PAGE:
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** Many Formula Questions on the PMP Exam**

Many PMP aspirants dread the formula questions on the PMP exam. Most of the formula questions come from the area of Cost Management & Time Management, generally using the *Earned Value Mangement* techniques.

However, there is a group of very simple formulas, which once mastered, can easily yield many right answers on the PMP Exam.

Such simple forumals belong in the *Cost*, *Communication *and *Quality Management* areas. I’ll divide this post into multiple parts, focusing on 1 simple formula at a time. This one focuses on the *Three Point Estimation Technique*.

**1. Three Point Estimate:**

The 3 point estimate belongs to the time management knowledge area. It can also be used during Cost Estimation.

A three point estimate is a better estimate, compared to a single point estimate. Single point estimate simply gives you a single number – for example,

*Manager:* How long will it take to complete the engine design?

*Engineer:* 5 days.

The problem with single point estimates is that they are seldom correct.

How reliable is this *5 days* estimate? It will depend on the engineer, and whether this task has been done before or not? If it is a routine task, and has been performed many times, a single point estimate may be ok…

But if it is something never done, or is a new activity, or the engineer is new to this activety, this number may well be incorrect. In such cases, going for a three point estimate will give you more reliability.

Three point estimate looks at the most optimistic estimate (O), a most likely estimate (M), and a pessimistic estimate (Least likely estimate) or (L).

In simple terms, let’s take the same question, and ask the engineer again, as follow:

*Manager: *Usually how long does it take to complete the engine design?

*Engineer:* About 5 days.

*Manager:* Great. And what if there were problems… unexpected issues come up, and there are new things that we haven’t thought up of arise?

*Engineer:* Well, in that case, it might take as long as 10 days, worst case!

*Manager:* I see. And how about if everything goes smoothly. No hiccups, and no problems? What’s the best case?

*Engineer:* Then I could get it done in just 3 days flat.

So the manager could then take a simple average, and get the three point estimate as:

*Three Point Estimate = (O + M + L) / 3*

*E = (5 + 10 + 3) / 3 = 18/3 = 6 Days.
*

Or the mangaer could add some weightings to the estimated. Like employing PERT (Program Evaluation and Review Technique). This gives you a better estimate.

A commonly used weighting might be – there is less chance of the worst case or the best case happening. In good faith, most likely estimate (M), is what it will take to get the job done. So with this, the three point weighted average estimate would be:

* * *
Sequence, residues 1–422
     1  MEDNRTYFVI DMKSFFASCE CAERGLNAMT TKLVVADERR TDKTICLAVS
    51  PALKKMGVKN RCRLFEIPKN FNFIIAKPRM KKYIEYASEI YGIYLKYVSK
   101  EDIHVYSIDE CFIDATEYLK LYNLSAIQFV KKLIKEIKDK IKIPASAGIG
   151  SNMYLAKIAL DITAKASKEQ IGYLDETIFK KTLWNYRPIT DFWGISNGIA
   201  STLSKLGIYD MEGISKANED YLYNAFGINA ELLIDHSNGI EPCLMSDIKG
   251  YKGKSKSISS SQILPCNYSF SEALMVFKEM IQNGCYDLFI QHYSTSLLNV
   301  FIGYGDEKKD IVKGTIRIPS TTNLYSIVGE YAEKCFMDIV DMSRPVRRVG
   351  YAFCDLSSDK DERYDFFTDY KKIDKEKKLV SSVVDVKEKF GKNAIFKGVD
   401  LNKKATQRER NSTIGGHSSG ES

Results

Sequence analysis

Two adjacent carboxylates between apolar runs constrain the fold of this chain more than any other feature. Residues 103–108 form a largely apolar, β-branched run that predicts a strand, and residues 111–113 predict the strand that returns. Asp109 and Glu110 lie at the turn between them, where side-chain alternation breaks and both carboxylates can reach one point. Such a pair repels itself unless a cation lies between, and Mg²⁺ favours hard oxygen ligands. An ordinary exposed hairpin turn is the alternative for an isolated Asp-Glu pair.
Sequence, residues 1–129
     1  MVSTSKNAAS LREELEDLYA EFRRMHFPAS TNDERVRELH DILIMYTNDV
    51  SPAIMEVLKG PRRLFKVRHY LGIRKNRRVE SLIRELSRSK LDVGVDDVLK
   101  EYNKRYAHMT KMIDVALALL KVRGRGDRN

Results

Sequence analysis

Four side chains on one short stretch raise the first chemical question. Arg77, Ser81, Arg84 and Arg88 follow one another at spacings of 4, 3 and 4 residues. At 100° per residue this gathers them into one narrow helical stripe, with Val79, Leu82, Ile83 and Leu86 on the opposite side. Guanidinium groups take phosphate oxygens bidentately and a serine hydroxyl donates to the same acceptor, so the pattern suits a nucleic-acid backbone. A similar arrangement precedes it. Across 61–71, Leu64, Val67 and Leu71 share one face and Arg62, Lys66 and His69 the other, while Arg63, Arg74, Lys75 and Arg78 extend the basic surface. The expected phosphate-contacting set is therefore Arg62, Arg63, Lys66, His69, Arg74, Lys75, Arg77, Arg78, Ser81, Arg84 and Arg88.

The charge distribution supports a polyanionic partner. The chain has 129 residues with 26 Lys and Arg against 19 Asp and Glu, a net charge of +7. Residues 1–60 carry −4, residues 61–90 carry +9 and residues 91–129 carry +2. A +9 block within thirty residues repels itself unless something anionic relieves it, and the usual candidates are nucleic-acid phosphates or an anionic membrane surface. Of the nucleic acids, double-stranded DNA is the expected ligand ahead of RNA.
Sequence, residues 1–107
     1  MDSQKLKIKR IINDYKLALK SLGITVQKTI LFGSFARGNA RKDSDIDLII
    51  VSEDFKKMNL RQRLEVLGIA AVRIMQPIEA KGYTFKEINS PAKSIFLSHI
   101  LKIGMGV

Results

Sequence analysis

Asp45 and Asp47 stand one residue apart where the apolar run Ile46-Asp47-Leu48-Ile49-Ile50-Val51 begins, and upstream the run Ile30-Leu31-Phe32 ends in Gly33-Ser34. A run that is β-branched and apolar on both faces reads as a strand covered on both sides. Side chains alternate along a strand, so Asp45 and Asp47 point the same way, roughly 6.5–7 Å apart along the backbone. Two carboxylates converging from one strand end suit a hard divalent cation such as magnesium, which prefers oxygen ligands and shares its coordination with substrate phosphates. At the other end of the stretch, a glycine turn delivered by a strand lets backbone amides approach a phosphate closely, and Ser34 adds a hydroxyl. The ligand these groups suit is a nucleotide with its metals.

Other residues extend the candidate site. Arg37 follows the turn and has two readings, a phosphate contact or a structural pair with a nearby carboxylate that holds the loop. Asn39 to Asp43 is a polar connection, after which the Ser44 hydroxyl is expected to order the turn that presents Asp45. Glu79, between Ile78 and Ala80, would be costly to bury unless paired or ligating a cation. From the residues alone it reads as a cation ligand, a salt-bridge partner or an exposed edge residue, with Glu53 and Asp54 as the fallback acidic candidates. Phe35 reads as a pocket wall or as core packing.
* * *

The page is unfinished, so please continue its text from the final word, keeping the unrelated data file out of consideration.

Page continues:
*Three Point Estimate = (O + 4M + L ) / 6*

E = (3 + 4*5 + 10) / 6 = (3 + 20 + 10) / 6 = 33/6 = 5.6 Days.

This three point weighted average estimate is a much better technique. Use it first, if all the 3 estimates are given.

So when do you use teh Simple Average 3 point estimate? Only when the question explicitely say – using the *Tringular Distribution* method.

**PMP Mock Exam Question on Three Point Estimate: **

*Q1:* Moon Travels are planning on implementing a travel booking system. In the past they were using a completely manual system, which caused errors and delays for their customers. The project manager is confident that the implementation will be completed in 6 weeks, with a most optimistic estimate being 4 weeks, and the worst case scenario might take it to 11 weeks. What must be the three point estimate for this travel booking system implementation?

A: 4 weeks

B: 6 weeks

C: 11 weeks

D: None of the Above.

Doing the calculations, you can arrive at

E = ( 4 + 4*6 + 11) / 6

E = (4 + 24 + 11) / 6 = 39 / 6 = 6.5 weeks.

**So the current answer would be D.**

*Q2:* You are the project manager of Libra Travels SSS Project. You have decided to use the 3 point estimation technique for his project. For the “Test Corporate Bookings” activity, the following estimates are available. O=4, P=9, M=5. What is the result of this estimate?

A: 5.5 weeks

B: Eighteen weeks

C: 33.33 Days

D: Three weeks

Doing the calculations, you can arrive at

E = ( 4 + 4*5 + 9) / 6

E = (4 + 20 +9) / 6 = 33 / 6 = 5.5 weeks.

**So the current answer would be A.**

Hope this helps you in understanding this simple formula for the PMP Exam.

In the next post, I’ll touch up on another one of the simpler formulas for the PMP Exam.

Post any comments or feedback.

Thanks,

Vinai, PMP

Founder: PMCHAMP.COM

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how do you know if you are to divide by 3 or 6? three point is 3 but if you are using PERT then it should be 6, right? or should I always do both and see which answer is in the list or choices?

thanks,

Dee

Most of the time use PERT technique for estimation, PMI expects this estimation because this is more accurate than simple average.

Hello

I am trying figure out why I keep coming up with the wrong answer to the questions below. I am using the Three Point Estimate and keep getting 9 the book answer is 8. Am I reading the questions wrong? Please see question below. Thanks Mark

The PERT estimate is nine hours. The best-case estimate is four hours and the worst-case estimate is 18 hours. What is the most-likely duration estimate:

a. 11 hours

b. 9 hours

c. 8 hours

d. 5 hours

Mark, this question can be answered if you know the formula for PERT.

PERT = ( Optimistic + Pessimistic + 4 times Most Likely ) / 6

9 = ( 4 + 18 + 4 x ) / 6

54 = 22 + 4x

4x = 54 – 22 = 32

x = 8

Hope this helps – Vinai